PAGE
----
JR: Your recent retrospective at the ICA/Boston included ‘Men and Game’ (1998), a series of 161 found hunting photographs. In your own words, your work often explores the “culture of nature” that we humans have created. Do you think this culture is gendered?
MD: We construct what gets to stand for nature. As societies we forge a kind of cultural consensus, but it is entirely possible that within a society there can be a lot of fragmentation and disparate notions. What nature means for a farmer, scientist, hunter and witch may mean very different things entirely. Indeed there are often radical variations within individuals in these groups.
A work like ‘Men and Game’ explores a pictorial convention—images of men (mostly) with the carcasses of the animals they have slain. While I do not entirely condemn hunting, I am always suspicious of an activity which so throughly links pleasure with killing. The fact that the collection of photos is all men except for two would seem to argue that the convention of gloating over the corpse of the animal one has dominated and exterminated is primarily male. This was not a choice; this was what the data of the photos demonstrated. The title came later. Almost without exception, I have only found pictures of men with game.
JR: In ‘Collectors Collected. The Material Culture of Fieldwork,’ you display the equipment that scientists and researchers have used across times in the public museum collection. For me, this evokes Fred Wilson’s ‘Mining the Museum’ (1992–93). We’ve talked about the artist-as-writer, but let’s talk about the artist-as-curator…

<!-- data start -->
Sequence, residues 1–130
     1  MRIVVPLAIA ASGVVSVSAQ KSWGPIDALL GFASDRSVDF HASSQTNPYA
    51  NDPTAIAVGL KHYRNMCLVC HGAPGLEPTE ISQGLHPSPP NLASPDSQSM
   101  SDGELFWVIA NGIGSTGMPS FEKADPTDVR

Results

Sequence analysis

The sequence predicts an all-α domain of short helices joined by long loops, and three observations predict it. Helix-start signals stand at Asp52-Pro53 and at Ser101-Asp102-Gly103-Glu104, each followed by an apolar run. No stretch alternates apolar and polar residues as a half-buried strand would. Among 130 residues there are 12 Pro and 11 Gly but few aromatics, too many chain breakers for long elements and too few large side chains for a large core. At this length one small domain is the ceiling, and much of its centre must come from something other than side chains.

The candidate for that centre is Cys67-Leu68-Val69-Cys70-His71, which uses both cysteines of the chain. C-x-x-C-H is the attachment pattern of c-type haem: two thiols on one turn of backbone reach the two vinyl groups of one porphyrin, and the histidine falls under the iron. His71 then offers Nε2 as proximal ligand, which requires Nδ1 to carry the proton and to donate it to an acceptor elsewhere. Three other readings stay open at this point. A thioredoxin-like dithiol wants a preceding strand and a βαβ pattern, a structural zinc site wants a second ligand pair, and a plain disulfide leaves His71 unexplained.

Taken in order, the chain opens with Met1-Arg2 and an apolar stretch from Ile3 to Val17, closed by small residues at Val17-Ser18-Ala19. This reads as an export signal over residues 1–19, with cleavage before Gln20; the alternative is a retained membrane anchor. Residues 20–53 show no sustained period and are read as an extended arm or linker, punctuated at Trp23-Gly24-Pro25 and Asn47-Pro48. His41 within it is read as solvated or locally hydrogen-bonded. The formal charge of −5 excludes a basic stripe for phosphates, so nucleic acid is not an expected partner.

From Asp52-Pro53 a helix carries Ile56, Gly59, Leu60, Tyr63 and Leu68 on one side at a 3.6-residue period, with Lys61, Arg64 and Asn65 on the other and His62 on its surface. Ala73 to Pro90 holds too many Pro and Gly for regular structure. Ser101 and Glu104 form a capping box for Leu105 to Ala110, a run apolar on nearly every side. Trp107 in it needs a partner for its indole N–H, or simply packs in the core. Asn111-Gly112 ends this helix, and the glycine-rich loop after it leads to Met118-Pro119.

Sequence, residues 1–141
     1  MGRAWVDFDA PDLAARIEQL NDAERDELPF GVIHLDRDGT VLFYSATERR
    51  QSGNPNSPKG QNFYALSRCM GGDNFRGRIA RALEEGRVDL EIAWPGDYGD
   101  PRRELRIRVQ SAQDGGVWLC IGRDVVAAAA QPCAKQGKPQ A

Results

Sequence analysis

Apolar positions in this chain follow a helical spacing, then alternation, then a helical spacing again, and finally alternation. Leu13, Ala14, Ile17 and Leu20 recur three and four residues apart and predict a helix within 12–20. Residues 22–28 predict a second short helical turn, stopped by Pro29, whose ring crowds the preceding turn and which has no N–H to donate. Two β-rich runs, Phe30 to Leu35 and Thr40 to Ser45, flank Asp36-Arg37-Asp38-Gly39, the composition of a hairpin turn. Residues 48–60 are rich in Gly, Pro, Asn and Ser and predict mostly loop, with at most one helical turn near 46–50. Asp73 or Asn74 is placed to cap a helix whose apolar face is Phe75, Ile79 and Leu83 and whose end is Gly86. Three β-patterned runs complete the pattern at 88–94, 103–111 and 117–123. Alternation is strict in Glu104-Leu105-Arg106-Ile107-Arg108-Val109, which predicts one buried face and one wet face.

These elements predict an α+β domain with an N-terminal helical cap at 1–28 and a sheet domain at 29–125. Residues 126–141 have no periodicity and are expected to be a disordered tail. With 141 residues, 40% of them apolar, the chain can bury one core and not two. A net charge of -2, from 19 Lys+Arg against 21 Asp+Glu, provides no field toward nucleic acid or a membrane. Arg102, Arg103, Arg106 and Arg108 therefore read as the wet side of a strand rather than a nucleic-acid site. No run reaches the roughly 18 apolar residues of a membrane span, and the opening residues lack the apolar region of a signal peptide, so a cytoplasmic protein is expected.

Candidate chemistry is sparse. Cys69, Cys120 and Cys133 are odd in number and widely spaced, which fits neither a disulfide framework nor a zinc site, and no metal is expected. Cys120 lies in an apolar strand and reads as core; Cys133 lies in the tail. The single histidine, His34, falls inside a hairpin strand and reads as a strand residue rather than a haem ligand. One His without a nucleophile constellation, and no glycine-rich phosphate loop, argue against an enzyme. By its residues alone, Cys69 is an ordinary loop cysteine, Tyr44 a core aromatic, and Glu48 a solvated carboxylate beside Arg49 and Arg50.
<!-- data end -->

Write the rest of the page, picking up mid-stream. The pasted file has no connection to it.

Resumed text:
MD: Fred Wilson and Lisa Corrin’s ‘Mining the Museum’ is one of the most important exhibitions of the 20th century. Fred was able to work with the collection of a pretty conservative and stagnant institution and make them a better, more democratic, more honest, more exciting museum. In many ways, those of us who work in this vein are walking through a door that Fred opened for us.
I have curated some pretty remarkable projects, but always in collaboration with others. The process of collaboration is essential to my curatorial endeavors. I worked with the curator Sarina Basta on ‘Oceanomania’ at the Nouveau Musée National de Monaco and Musée Océanographique de Monaco, and we co-curateted ‘ExtraNatural,’ an exhibition which demonstrated the supernatural in the temple of the Enlightenment, at the École des Beaux-Arts in Paris. At New York’s The Drawing Center, I worked with Madeleine Thompson and Katherine McLeod on ‘Exploratory Works,’ an exhibition about William Beebe and the Artists of the Department of Tropical Research. This project featured art, films, and artifacts from the tropical jungle and ocean expeditions of Beebe’s remarkable team. For ‘The Academy of Things,’ Petra Lange-Berndt and Dietmar Rübel were my chief collaborators and we explored the culture of the academy and nature in Dresden. Here in Berlin, I worked with the scholar and art historian Christine Heidemann. Together we looked at the natural scientists associated with the museum as an ethnographer might approach a distinct society or tribe—a group with particular beliefs and material culture.
JR: So would you say there is a curatorial dimension to your artistic practice?
MD: I honestly don’t see a vast difference between exhibition making, in a curatorial sense, and art making. However, often curators approach their endeavor with a science-like rigor which can get in the way of making provocative but enlightening connections. Artists have no obligation to be scientific or even to tell the truth. The freedom to be speculative, experimental and associative can lead to marvelous exhibitions. The best exhibition I’ve experienced was Mike Kelley’s ‘The Uncanny’ made for Valerie Smith’s Sonsbeek in 1993. No doubt this had a huge influence on my belief that artists can be exceptional curators.